Fukushima FALLout

Fukushima FALLout

Fukushima FALLout . . . The unimpeded outflow of radioactive material from 5 nuclear power plants has not abated, so if you have stopped thinking about it – it’s time to think again as contaminated debris and marine life is pervading the Pacific west coast. Step-up your cellular protection in the following ways: Avoid foods/drinks/products from Japan and Eastern China.  Stop eating tuna, pacific cod and taper off fish consumption in general (especially true for children). Drink carbon-filtered water or a combination of reverse osmosis-carbon filtered water (note that many bottled waters are NOT filtered and clean). Wash vegetables in water with a pinch of borax powder.  Consider growing veggies in covered greenhouses using filtered water that you can recycle. Most fallout arrives as rain/fog/dew. Reduce or cut out dairy products, especially cows as bioaccumulation from rainwater continues to raise cesium levels. Eat naturally occurring antioxidant-rich plants: fresh berries of all kinds, raw fresh vegetables, sprouted/naturally fermented foods and super-greens like grasses (oat, alfalfa, barley, wheat), spirulina, chlorella etc. Use adaptogenic herb that contain Nrf- stimulating phyto-chemicals on a daily basis (see What’s Hot below). Do seasonal bowel cleansing with substances that are known to draw out radioactive elements: clay, charcoal, and apple pectin. Eat sweeping fibers like flax, apples, chia, okra and some seaweed daily. Send out positive healing energy to the ocean and the earth and your body everyday.  Bless your food/drinks with your intention to heal yourself before you consume it.  Connect with nature in gratitude and listen for natural intelligence to guide you Here’s some more information . . and For more...

July means . . .it’s summer!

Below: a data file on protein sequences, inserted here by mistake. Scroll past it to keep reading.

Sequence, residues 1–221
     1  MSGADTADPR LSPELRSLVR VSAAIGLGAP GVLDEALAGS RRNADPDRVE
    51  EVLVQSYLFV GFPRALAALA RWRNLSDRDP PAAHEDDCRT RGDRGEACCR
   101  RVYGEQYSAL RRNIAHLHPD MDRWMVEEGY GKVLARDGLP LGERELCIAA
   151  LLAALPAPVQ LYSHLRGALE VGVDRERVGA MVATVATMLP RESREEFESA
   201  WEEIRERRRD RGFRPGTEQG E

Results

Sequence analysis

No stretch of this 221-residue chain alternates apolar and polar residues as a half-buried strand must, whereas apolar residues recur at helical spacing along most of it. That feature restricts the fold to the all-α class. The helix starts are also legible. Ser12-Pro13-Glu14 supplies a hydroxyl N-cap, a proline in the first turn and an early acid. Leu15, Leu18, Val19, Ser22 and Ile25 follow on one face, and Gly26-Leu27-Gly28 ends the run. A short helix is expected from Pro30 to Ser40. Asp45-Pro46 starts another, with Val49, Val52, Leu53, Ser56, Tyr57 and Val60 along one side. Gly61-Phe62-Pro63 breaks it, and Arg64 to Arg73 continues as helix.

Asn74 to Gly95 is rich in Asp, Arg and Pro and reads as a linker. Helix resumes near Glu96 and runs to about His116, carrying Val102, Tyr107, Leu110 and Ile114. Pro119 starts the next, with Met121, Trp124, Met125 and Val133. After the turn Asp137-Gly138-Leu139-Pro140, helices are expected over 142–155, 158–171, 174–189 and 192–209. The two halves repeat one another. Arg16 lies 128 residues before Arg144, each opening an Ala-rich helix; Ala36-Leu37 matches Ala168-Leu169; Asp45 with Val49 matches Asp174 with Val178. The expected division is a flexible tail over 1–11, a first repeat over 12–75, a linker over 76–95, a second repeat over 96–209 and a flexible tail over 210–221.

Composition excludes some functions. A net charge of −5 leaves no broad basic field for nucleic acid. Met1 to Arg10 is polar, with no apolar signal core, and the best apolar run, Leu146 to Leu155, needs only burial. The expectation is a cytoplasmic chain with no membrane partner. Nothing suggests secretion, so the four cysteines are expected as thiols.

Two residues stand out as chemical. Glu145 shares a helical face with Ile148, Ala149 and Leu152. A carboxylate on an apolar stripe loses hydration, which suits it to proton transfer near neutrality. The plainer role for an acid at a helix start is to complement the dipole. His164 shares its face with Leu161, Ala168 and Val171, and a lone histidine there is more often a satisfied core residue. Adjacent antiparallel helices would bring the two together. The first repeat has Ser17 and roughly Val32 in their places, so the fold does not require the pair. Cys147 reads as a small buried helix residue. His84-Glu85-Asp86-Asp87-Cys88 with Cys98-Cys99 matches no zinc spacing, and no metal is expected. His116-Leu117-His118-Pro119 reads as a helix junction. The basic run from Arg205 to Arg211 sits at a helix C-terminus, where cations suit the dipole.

July means . . .it’s summer!. . . in the northern hemisphere where long days of sun bring us some of our hottest temperatures. If you live where it’s sweltering, you may also be living where air-conditioning is the primary way to stay cool.  In the interest of reducing greenhouse gases and avoiding the unhealthy transition from hot to cold and back, there are natural ways to stay cooler without missing the benefits (yes benefits!) of hot weather.  Heat that brings on a sweat can: cleanse the pores of your skin, burn fat and detox substances held in fat, increase overall circulation, relax muscles and help them stretch further, make it easy to eat more raw food, which is enzyme rich and strengthens digestion.  Cool off naturally by . . . Planning your outdoor activities in the early morning/early evening hours when it’s cooler.  Take short rests in shade if you are out mid-day.   Wetting your hair under your hat or helmet  if your are biking or hiking.  You can also wet your T-shirt or a thin cotton scarf that your wring out and wear around your neck.  Keeping head and neck cool is the most important.  Cooling the feet (standing in cold water) helps cool the entire body down.  Keep a hydrosol (distilled plant water) of rose or lavender in your refrigerator to spay on sunkissed skin. Drinking more cold water and adding electrolytes like lemon, lime, apple cider vinegar, Celtic or unprocessed sea salt. By adding hydrating plants to your water so your intestines can more readily absorb it.  These would include: chia seed, aloe vera...